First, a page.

June 13 2016 08:41 AM

Some feed efficiency factors are easy to overlook.

Feed management, bunker or silo care, labor efficiencies, and more. Farmers are some of the most economically aware workers in the country, and it's easy to understand why. Perhaps the place on the farm that receives the most attention when it comes to economics and efficiencies is the feeding program.

A recent DaireXnet article dove into a few of the feed efficiency factors that have an impact on farm economics, but are not always top of the mind – the "others" of feeding program efficiency, if you will.

"Reproductive efficiency, cow comfort, and replacement management practices impact the efficiency of feed resources used on a dairy operation," shared Donna Amaral-Phillips in the article.

A herd that does a great job with reproduction programs is able to keep a short calving interval allowing milk production to stay high throughout lactation. Meanwhile, fewer cows in these good herds register long lactations or have extensive dry periods and avoid the time when they are the least efficient with nutritional resources, according to Amaral-Phillips.

Another area the University of Kentucky dairy extension nutritionist highlighted was cow comfort. At the base of feed digestion and allocation is the fermentation and absorption efficiency of the cow's digestive tract. A cow that gets shorted on lying time or is too warm because of heat stress, for example, reduces how well it can do these processes. Keeping cows cool and managing the cows' time budgets can therefore play a role in feed efficiency.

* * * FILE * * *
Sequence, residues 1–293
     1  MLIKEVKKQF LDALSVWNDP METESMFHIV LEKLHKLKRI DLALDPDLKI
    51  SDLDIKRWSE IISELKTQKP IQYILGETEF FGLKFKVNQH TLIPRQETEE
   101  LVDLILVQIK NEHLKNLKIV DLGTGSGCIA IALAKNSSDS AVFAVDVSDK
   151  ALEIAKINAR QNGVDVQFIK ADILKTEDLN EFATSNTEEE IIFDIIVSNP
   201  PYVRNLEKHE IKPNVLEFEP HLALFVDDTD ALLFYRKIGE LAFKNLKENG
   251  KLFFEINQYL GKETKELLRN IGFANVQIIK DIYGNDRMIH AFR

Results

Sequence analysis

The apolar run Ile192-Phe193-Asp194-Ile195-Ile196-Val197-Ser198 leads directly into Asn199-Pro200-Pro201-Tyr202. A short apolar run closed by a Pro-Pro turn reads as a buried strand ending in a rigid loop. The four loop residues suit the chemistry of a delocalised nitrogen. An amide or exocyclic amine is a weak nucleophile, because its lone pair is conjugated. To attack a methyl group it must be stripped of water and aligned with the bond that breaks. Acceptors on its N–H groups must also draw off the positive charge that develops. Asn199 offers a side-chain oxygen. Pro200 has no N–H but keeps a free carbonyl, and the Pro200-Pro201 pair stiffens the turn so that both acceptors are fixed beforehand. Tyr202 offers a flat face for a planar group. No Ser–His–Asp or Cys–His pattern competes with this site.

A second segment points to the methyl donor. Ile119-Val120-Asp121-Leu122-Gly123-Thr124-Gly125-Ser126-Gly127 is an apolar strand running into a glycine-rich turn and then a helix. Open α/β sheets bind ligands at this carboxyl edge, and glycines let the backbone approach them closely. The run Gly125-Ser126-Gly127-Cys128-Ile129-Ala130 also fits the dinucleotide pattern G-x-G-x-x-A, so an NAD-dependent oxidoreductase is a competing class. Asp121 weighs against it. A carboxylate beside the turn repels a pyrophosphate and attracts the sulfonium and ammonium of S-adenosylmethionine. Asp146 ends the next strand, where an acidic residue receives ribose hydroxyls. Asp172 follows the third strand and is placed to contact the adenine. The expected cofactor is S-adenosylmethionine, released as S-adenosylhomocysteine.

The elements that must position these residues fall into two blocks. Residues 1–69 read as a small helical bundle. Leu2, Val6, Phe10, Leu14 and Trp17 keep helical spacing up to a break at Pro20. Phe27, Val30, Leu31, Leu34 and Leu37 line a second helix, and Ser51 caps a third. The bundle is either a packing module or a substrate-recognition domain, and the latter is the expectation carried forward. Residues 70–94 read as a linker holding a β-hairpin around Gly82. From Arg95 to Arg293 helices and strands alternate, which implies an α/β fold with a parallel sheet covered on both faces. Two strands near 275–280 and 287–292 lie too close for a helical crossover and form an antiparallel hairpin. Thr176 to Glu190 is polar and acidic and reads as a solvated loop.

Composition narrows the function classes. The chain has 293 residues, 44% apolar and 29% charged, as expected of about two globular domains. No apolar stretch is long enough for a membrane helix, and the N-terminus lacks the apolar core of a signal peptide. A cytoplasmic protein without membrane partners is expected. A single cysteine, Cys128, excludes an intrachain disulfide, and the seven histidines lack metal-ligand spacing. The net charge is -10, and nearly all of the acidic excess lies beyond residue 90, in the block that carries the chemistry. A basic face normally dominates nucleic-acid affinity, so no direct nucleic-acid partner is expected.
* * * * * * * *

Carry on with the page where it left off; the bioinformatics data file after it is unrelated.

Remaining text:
Finally, Amaral-Phillips reminded producers that one of the greatest uses of feed without direct return is heifer rearing. She says it is critical that young stock are raised to calve at the proper size so as to limit the days they need to be fed before entering the milking herd.

"In the U.S., delayed age at calving is generally associated with an additional $2 to $3 in daily feed costs for those heifers calving after 24 months of age," she said. Calves that fall into this group put pressure on feeding inventories with no return on investment.

Although not the most pressing factors in terms of feed efficiency, managing these little areas can impact feed stores and lead to a more economical feeding program.
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The author is an associate editor. She covers feeding and nutrition, youth activities and heads up the World Dairy Expo Supplement. Maggie was raised on a 150-cow dairy near Valley Center, Kansas, and graduated from Kansas State University with degrees in agricultural communications and animal sciences.